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TU Kaiserslautern

 Karlsruhe Institute of Technology (KIT) homepageInstitut für Technik der Informationsverarbeitung (ITIV) des Karlsruher Institut für Technologie (KIT)

Prof. Dr.-Ing. Reiner Hartenstein

Homepage | Unversity page | CV |     Offices: Kaiserslautern | Karlsruhe      |  last update: 2011

IEEE fellow
SDPS fellow
FPL fellow      

Reiner Hartenstein


Founder of the "E.I.S.-Projekt", the multi-university introduction of the Mead-&-Conway revolution: first on the entire continent (Europe & Asia) - incubator of the EU-funded EUROCHIP action still running to-day worldwide. "E.I.S." = "Entwurf Integrierter Schaltungen" (design of integrated circuits).


Wikipedia on the E.I.S. Projekt (in German): click here.   

Reinventing Computer Engineering: Zur Geschichte (German language) des E.I.S.-Projekt  - in English language: E.I.S. project:    http://www.fpl.uni-kl.de/staff/hartenstein/eishistory_en.html      

Early EDA innovations by Lynn Conway's Lmbda Notation: http://hartenstein.de/Hartenstein-EDA-Innov-Europe-3.pdf.       the KARL language

Other Projects: PATMOS project, CVT projectCVS project      E-I.S. Projekt

Again Reinvent Computer Engineering  |  European EDA industry killed

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The Mead-&-Conway Revolution: Reinventing Computer Science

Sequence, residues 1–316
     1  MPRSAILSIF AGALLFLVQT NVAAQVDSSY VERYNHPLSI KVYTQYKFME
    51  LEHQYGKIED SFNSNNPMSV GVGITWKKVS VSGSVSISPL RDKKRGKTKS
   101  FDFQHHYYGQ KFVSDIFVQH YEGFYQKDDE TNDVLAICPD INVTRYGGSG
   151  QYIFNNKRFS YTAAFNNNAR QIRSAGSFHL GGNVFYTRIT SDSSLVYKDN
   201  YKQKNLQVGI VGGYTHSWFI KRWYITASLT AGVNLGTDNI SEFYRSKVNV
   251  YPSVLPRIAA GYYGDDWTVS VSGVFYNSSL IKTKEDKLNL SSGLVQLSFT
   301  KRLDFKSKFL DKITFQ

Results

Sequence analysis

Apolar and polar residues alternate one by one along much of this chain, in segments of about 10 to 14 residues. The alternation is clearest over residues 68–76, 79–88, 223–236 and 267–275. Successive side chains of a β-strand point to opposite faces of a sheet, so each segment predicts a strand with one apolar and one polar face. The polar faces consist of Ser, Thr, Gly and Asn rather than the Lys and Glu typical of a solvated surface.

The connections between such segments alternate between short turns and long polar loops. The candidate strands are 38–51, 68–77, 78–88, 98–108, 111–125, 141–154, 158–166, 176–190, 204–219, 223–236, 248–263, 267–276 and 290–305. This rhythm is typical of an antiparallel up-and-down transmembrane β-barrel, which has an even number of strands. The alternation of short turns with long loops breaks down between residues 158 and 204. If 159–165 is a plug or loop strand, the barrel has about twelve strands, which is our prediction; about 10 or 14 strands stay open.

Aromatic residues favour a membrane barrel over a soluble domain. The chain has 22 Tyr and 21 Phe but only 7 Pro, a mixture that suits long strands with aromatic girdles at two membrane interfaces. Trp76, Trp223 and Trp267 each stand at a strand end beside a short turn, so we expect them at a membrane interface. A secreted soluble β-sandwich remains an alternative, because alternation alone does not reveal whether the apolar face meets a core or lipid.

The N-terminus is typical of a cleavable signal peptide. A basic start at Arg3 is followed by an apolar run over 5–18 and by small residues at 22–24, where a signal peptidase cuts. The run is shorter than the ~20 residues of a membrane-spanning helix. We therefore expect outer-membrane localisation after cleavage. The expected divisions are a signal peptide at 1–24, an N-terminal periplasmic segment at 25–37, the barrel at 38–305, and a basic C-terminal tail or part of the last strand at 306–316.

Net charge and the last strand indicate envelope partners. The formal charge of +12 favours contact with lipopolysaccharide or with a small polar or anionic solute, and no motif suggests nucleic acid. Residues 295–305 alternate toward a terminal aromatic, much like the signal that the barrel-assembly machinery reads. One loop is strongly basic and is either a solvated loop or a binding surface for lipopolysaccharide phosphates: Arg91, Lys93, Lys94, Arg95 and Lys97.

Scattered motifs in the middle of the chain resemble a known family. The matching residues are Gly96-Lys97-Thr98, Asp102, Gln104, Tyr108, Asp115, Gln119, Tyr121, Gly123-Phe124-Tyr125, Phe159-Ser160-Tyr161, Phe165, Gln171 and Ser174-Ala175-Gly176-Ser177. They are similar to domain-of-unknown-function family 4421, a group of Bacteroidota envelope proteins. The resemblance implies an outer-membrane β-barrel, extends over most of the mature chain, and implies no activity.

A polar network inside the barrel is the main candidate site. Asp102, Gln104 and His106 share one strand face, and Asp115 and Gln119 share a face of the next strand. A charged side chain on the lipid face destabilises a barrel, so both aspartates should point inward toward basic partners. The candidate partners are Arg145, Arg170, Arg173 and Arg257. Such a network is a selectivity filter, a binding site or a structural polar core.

Throughout the 70ies (and earlier) each microchip fab line had different layout design rules, mask polarities, alignment marks, process test patterns, scribe lines and more, and, it was nearly impossible for outsiders to access such prototyping [Lynn Conway]. The local design rules have been books of about 50 pages or more. All product designs could be implemented only by experts of the fab line company. It was clear that commercially viable chips would contain several million transistors by the early 1990s. Here Carver Mead coined the term "Moore's Law". In 1976 a major DARPA study of the basic limitations of microelectronics fabrication urgently recommended research into the system design implications of “very-large-scale integrated circuits” – pointing out that no methods existed for coping with such complexity [1].

In the early 80ies the Mead-&-Conway revolution has changed this. Making use of the new self-aligned silicon-gate technology coming along with MOS replacing bipolar, Lynn Conway, joining PARC in 1973, invented scalable and massively simplified MOS design rules on only 3-4 pages, replacing a book with more than 40 pages. Suddenly a clean separation between chip design and fabrication was possible, and Carver Mead coined the term “silicon foundry” for manufacturing-only firms which ‘print’ externally generated designs, meanwhile a market of more than 30 billion US-dollars. With the MPC79 action Lynn Conway pioneered the cooperation between prototyping designers and the silicon foundry by merging 19 designs into a single multi-project chip (MPC), by solving all the mask making data format translation problems, and interfacing all designers to this service via the internet (at that time the ARPANET).

The Mead-&-Conway revolution triggered reinventing computer science. Lynn Conway wrote, that a huge and previously-unknown territory for creative architectural innovation had opened up [2]. The new approach enabled highly simplified methods for silicon chip design enabling architects to design systems from top-to-bottom throughout the hierarchy of levels. Carver Mead coined the phrase “Tall Thin Man” (my phrase “Tall Thin Designer” should also include the “Tall Thin Woman”). This phrase illustrates, that now each person can work successfully through several abstraction levels. This was the birth of the microchip design as its own